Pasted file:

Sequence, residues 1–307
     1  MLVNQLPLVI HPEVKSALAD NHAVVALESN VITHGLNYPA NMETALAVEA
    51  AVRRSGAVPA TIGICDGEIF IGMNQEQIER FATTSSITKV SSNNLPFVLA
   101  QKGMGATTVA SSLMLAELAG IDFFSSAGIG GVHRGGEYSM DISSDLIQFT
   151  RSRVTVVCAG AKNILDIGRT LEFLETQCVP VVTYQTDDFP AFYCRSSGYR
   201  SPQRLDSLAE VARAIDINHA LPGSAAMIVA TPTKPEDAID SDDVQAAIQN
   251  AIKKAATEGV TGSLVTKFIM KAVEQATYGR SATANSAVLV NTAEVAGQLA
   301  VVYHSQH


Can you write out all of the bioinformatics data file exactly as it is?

Sequence, residues 1–307
     1  MLVNQLPLVI HPEVKSALAD NHAVVALESN VITHGLNYPA NMETALAVEA
    51  AVRRSGAVPA TIGICDGEIF IGMNQEQIER FATTSSITKV SSNNLPFVLA
   101  QKGMGATTVA SSLMLAELAG IDFFSSAGIG GVHRGGEYSM DISSDLIQFT
   151  RSRVTVVCAG AKNILDIGRT LEFLETQCVP VVTYQTDDFP AFYCRSSGYR
   201  SPQRLDSLAE VARAIDINHA LPGSAAMIVA TPTKPEDAID SDDVQAAIQN
   251  AIKKAATEGV TGSLVTKFIM KAVEQATYGR SATANSAVLV NTAEVAGQLA
   301  VVYHSQH